Landmark UNICEF research shows injuries a fatal problem for Asian children
Injuries resulting from drowning, suffocation and road accidents are among the leading killers of Asian children, according to groundbreaking research by the United Nations Children’s Fund (UNICEF), which is appealing for scaled-up injury prevention initiatives.
The survey, conducted jointly with the Alliance for Safe Children (TASC) over the past seven years, highlights that the risk of death from injuries rises after infancy as children become more independent and as the danger from infectious and non-communicable diseases drops.
“If we are ultimately going to meet the Millennium Development Goal (MDG) to reduce child mortality, it is imperative that we take action to address the causes of childhood injury,” said Anupama Rao Singh, Regional Director of UNICEF East Asia and Pacific, urging bolstered investment in public awareness campaigns and arming children and their parents with knowledge and skills.
Working in partnership with local public health teams, in-person interviews for the study were done in over half a million households, comprising more than 2 million people in five countries: Bangladesh, China, the Philippines, Thailand and Viet Nam.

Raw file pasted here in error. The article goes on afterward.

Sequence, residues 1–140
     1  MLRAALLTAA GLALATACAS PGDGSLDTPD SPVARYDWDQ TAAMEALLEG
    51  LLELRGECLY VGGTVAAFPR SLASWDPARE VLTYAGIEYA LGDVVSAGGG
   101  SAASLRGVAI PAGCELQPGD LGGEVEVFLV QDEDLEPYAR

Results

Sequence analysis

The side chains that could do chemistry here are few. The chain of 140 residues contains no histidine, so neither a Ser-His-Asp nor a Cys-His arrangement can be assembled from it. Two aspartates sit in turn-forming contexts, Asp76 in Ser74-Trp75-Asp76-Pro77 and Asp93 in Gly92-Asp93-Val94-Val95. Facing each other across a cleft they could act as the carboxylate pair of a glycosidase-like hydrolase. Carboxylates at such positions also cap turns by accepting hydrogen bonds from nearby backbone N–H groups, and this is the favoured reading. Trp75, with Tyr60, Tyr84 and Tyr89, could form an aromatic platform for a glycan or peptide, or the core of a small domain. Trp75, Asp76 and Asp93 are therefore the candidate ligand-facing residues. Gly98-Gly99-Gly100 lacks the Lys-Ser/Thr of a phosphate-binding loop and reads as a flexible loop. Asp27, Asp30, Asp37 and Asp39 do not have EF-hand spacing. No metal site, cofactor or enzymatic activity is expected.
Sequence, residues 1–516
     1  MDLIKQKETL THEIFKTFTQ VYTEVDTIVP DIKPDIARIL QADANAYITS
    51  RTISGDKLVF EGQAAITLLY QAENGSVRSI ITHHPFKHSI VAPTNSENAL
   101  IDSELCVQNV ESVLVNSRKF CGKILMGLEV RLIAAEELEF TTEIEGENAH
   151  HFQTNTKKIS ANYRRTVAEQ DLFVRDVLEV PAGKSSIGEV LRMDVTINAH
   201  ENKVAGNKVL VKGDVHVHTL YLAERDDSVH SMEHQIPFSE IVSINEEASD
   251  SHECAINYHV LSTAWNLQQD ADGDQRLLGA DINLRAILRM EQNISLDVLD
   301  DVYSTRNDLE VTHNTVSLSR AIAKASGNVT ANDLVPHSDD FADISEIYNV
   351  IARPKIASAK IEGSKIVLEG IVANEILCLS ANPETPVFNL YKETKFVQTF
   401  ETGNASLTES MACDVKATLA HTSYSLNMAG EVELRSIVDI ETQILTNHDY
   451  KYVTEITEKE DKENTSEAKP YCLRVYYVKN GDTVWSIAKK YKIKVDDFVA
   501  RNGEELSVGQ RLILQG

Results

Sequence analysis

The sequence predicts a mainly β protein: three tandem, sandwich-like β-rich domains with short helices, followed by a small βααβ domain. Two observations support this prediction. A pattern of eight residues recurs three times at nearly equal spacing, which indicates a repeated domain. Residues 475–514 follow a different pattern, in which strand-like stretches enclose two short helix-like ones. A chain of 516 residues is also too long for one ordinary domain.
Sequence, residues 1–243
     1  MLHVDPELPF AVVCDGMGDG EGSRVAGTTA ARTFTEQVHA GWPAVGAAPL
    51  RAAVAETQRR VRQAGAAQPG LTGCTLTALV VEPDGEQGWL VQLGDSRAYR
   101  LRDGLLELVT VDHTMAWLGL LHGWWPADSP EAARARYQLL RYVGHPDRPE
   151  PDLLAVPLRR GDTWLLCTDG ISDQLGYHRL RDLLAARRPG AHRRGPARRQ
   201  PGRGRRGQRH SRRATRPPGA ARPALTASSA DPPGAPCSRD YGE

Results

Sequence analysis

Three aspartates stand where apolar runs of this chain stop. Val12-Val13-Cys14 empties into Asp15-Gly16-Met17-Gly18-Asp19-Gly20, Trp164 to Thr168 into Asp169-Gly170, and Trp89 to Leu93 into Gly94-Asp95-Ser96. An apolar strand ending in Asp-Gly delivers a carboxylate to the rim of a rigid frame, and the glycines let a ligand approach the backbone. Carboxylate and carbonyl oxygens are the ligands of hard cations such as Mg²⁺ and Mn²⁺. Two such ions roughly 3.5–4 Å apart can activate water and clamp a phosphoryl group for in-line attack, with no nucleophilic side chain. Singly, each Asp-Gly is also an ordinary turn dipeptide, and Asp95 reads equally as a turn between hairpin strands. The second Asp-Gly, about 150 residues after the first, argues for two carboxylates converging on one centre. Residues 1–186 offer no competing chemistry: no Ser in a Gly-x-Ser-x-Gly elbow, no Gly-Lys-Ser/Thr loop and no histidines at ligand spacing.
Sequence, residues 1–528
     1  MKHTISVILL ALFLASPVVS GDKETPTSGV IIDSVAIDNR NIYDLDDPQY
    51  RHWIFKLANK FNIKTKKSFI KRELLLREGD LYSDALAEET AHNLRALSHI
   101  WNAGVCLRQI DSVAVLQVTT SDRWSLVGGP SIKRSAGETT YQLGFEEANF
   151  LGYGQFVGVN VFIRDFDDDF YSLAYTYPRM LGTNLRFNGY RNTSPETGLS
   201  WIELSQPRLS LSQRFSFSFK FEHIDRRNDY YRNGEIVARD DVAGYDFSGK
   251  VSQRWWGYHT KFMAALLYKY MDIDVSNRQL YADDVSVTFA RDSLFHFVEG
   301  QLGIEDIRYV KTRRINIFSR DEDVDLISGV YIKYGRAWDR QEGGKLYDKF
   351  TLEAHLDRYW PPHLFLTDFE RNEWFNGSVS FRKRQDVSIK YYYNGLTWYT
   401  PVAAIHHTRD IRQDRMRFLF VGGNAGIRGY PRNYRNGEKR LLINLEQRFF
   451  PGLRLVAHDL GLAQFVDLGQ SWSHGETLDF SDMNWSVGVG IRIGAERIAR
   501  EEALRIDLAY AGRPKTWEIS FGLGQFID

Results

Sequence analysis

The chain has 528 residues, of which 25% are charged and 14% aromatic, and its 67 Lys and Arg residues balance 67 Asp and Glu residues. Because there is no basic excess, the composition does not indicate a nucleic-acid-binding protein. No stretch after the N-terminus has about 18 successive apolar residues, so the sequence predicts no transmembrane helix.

The causes of death and disability among a representative sample of all children up to 18 years of age were reliably recorded for the first time ever in these nations.
Research uncovered that the causes of injuries differ by age group. Infants under 12 months are not as exposed to injury, while toddlers between one and four years of age are at the greatest risk of drowning. Schoolchildren aged five to nine years, who spend much time outside their homes, are at the greatest danger from drowning and road traffic incidents.
Meanwhile, the survey alarmingly concluded that the leading cause of death among adolescents is intentional injury, or homicide and suicide. Researchers pointed out that due to the difficulty and sensitivity of the subject, the problem is underreported.
The fact that many injuries – especially fatal ones – are rarely reported to hospitals also poses a challenge in accurately monitoring child mortality.
Both UNICEF and TASC are appealing for improved systems to record births and deaths, and beefed-up injury prevention programmes incorporating road safety, swimming lessons and education to prevent suffocation, falls, poisoning and insect bites.